All hail the Standard Hightower Intellachievement Test!

SATIn recognition of all the testing scandals going on, I offer you this brief excerpt from my novel, Chain Gang Elementary. As you’ll see, Malliford Elementary has its own testing issues, which, in the ened, will lead to a scandal with a unique twist.

To learn more about this remarkable book, click here.

 

 Chain_gang_coverFrom Chapter Seventeen: 

Due to federal mandate, learning was put on hold in February. The Better Schools initiative—or BS, as teachers called it—required high-stakes, curriculum-based testing. For reasons known only to bureaucrats, the state examined students on their cumulative grade-level learning with three months still to go in the school year. The state’s Department of Education had adopted the unfortunately but aptly named Standard Hightower Intellachievement Test to measure progress. Its acronym was never used, for obvious reasons. County educators referred to it as DESI (Don’t Even Say It), and some irreverent teachers called it DUMP.

Though often ridiculed, the test was no laughing matter. Pride, money, stars, and housing prices rode on the results. Teachers in schools with improved test scores received bonuses; schools with declining scores faced sanctions. In the past, Malliford Elementary had nothing to fear. But now the influx of underachievers from Chantilly Arms threatened to lower scores and put the school on the state’s Needs Improvement list (often called the S**T list, for obvious reasons). This would be an unmitigated disaster, but it could get even worse. After a school languished for three years on the Needs Improvement list, its teachers were taken out behind the trailers and shot. At least that’s how Mrs. Leland explained it to PTO President Richard Gray.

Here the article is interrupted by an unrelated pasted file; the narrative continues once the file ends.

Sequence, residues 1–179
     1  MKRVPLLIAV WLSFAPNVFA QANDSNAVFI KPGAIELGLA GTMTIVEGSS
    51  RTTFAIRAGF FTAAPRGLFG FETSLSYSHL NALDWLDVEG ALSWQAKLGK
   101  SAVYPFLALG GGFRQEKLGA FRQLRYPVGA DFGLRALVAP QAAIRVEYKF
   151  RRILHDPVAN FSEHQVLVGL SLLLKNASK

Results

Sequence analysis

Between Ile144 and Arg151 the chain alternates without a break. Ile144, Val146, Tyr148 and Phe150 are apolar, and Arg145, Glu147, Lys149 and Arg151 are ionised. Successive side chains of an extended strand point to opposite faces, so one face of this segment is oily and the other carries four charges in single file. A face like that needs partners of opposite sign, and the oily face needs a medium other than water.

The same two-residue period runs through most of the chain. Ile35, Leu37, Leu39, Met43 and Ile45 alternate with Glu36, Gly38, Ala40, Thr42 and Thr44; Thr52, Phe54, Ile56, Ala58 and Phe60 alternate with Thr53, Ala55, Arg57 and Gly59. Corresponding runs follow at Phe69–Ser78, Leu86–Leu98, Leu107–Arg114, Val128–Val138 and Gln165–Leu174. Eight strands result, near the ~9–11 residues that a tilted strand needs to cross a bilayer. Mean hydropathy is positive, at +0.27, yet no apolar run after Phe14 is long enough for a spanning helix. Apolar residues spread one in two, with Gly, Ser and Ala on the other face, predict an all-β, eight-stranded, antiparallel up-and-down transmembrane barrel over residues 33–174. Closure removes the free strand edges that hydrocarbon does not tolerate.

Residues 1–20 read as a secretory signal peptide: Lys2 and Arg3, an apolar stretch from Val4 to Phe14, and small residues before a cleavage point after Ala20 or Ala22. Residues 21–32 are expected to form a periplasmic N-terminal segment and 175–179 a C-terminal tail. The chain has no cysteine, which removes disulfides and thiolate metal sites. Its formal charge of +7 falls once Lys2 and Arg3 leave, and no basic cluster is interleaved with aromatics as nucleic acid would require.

With its status as a good school on the line, the stakes were terribly high. Since December, Mrs. Baines, Malliford’s vice principal, did little besides what she called “testprep.” No one took DESI more seriously than reigning Teacher of the Year Sarah Vandenburg, who gave her second-graders practice exams the first day of school and tested them weekly thereafter—and let them watch TV, until she got caught. Despite the newly challenging demographics, Malliford Principal Estelle Rutherford demanded that test scores rise.

She also suggested heads would roll if they didn’t. She’d already picked heads, having established scapegoats like Avon Little by filling their rooms with Underintellachievers. Thus motivated by the principal’s shrill cheerleading, teachers masked their desperation with pasted-on smiles as testing week drew near. They tried to create a festive air in their classrooms, handing out balloons, promising parties for high-scoring classes, and sending brightly-colored notes home to parents with tips on “how to get your students on the winning team.” Miz R’s “Secret Formula for Success” called for an 8:00 p.m. bedtime and a hearty breakfast on testing days. She also suggested kids watch TV to relax.

Richard considered this last idea a terrible one, and he would have said something to the principal had they been on speaking terms. Instead, he editorialized against it in February’s Duck Call, urging kids to read a book instead, and quoted Stan to piss off the principal even more. Unfortunately, Richard no longer knew how many newsletters actually made it home to parents, since some other teachers now followed Mrs. Vandenburg’s lead and threw them away. Though appalled at the school’s excessive zeal, Richard did hope Malliford would gain a top-ten ranking on his watch. A home in a five-star school district was worth $30,000 more than one in a four-star zone, according to Barbara. If he was ever going to get out of town, he wanted cash from the deal. This made him one of many “whores for scores,” as Rita so indelicately put it.